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social sciences

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Market Research  
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In their pathbreaking 1994 work, The Social Organization of Sexuality, Dr. Edward Laumann and his colleagues establish the case for defining homosexuality along three distinct dimensions: identity (how individuals self-label their sexual orientation), same-sex desire, and same-sex behavior.

Many other studies, especially those conducted by professionals in the field of public health and social science, narrowly defined homosexuality in terms of whether an individual engages in same-sex sexual behavior. However, for the purpose of establishing the parameters of the gay and lesbian population in toto, this approach may be inappropriately narrow because it does not take into account the other aspects of sexual orientation that Laumann attempted to capture.

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There are at least two other ways to define a sexual orientation that is other than heterosexual apart from same-sex intimate behavior. One is sexual and emotional attraction to members of the same sex, and the other is self-identification to oneself and to others as lesbian, gay, or bisexual. Defining sexual orientation exclusively in terms of behavior does not take into account the fact that individuals may self-identify as gay or lesbian and not be sexually active. Neither does it acknowledge the fact that some individuals engage in same-sex sexual behavior but do not self-identify as gay or lesbian.

In their attempt to capture a national sample, Laumann and his colleagues posed essential questions about same-sex behaviors, partners, identity, appeal, and attraction. Survey subjects were given face-to-face interviews, conducted privately and in confidence; however, for a majority of the subjects, the questions about sexual behavior, desire, and identity were submitted in writing and asked in a self-administered questionnaire only at the very end of the interview. The interviewers, for the most part, never saw the answers because the private questionnaire was placed in an envelope and sealed by the respondent before being handed back.

In terms of same-sex behavior, this study determined that slightly more than 4% of women sampled, and nearly 9% of men sampled, reported that, since puberty, they had had sexual activity of some kind with same-gender partners. For market researchers, of course, more relevant than gauging and investigating sexual behavior is the question of sexual identity and self-awareness. If you wish to speak persuasively to a gay consumer, very often the single most important question to ask is whether the individual self-identifies as gay and what media and market channels are most influential with this individual.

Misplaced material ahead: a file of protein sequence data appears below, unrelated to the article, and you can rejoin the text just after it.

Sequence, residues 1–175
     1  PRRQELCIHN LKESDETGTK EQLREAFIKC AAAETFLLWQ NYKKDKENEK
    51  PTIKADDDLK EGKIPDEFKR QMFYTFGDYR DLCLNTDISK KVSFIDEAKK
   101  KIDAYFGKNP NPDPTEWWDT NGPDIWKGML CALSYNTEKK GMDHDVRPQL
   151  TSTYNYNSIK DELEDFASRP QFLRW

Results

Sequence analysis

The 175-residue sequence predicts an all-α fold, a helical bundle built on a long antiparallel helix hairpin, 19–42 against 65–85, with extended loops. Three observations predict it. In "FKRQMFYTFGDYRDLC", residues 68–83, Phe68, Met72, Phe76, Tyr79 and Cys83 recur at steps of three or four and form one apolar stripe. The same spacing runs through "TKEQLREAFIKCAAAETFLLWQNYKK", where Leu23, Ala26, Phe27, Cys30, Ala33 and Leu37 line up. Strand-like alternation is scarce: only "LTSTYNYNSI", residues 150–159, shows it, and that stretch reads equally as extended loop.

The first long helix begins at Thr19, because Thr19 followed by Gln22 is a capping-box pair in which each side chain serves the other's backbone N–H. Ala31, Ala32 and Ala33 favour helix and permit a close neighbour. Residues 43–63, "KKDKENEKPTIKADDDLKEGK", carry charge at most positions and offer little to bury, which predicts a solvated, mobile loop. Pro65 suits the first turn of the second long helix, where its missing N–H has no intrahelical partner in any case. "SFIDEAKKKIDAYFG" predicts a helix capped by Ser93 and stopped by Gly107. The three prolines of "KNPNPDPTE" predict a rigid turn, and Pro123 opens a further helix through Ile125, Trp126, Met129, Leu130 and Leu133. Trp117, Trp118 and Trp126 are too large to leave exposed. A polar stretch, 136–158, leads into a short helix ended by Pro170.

The Enigmatic Nature of Sexual Orientation

Another important dimension of sexual orientation is the fact that, unlike visible racial characteristics or ethnic traits, sexual orientation is not an attribute that can be tracked or detected at birth or at an early age. Moreover, for some individuals, sexual orientation does not appear to be entirely fixed but instead may be a more evolutionary characteristic that challenges our deepest understanding of the roles played by genetics and the environment. Sexual maturity and awareness awakens at different times for different individuals.

Another challenge with tracking individuals based on their sexual orientation has to do with the nature of sexuality itself. Is being gay or lesbian simply being attracted to a member of the same sex? Or is does it require individuals to actually have sexual relations with members of their own sex? Does it include people who only sometimes have sex with members of their own sex?

Laumann's research indicates that the proportion of individuals--whether male or female--who express same-sex attraction or participate in same-sex behaviors is greater than the proportion who are willing to self-identify as gay, lesbian, or bisexual.

Research also shows that self-description--i.e., identifying openly as gay, lesbian, or bisexual-- remains a very complex process influenced by innate and environmental aspects. For some, particularly males, the process of identifying as gay, or "coming out," appears to occur now at younger ages than it did in the past, while for other men and women, the process may not unfold until mid-life, if at all.

These observations ought to be qualified in light of the fact that our culture is shifting in a number of seismic ways. In the future, with increased visibility of glbtq individuals and characteristics, the attitudes of children and adults toward homosexuality may well change and that may lead to a greater willingness to self-identify as gay, lesbian, or bisexual. There is some anecdotal evidence that this shift may already be underway, with adolescent girls and boys identifying as bisexual and lesbian or gay and choosing to attend high school proms as lesbian or gay couples.

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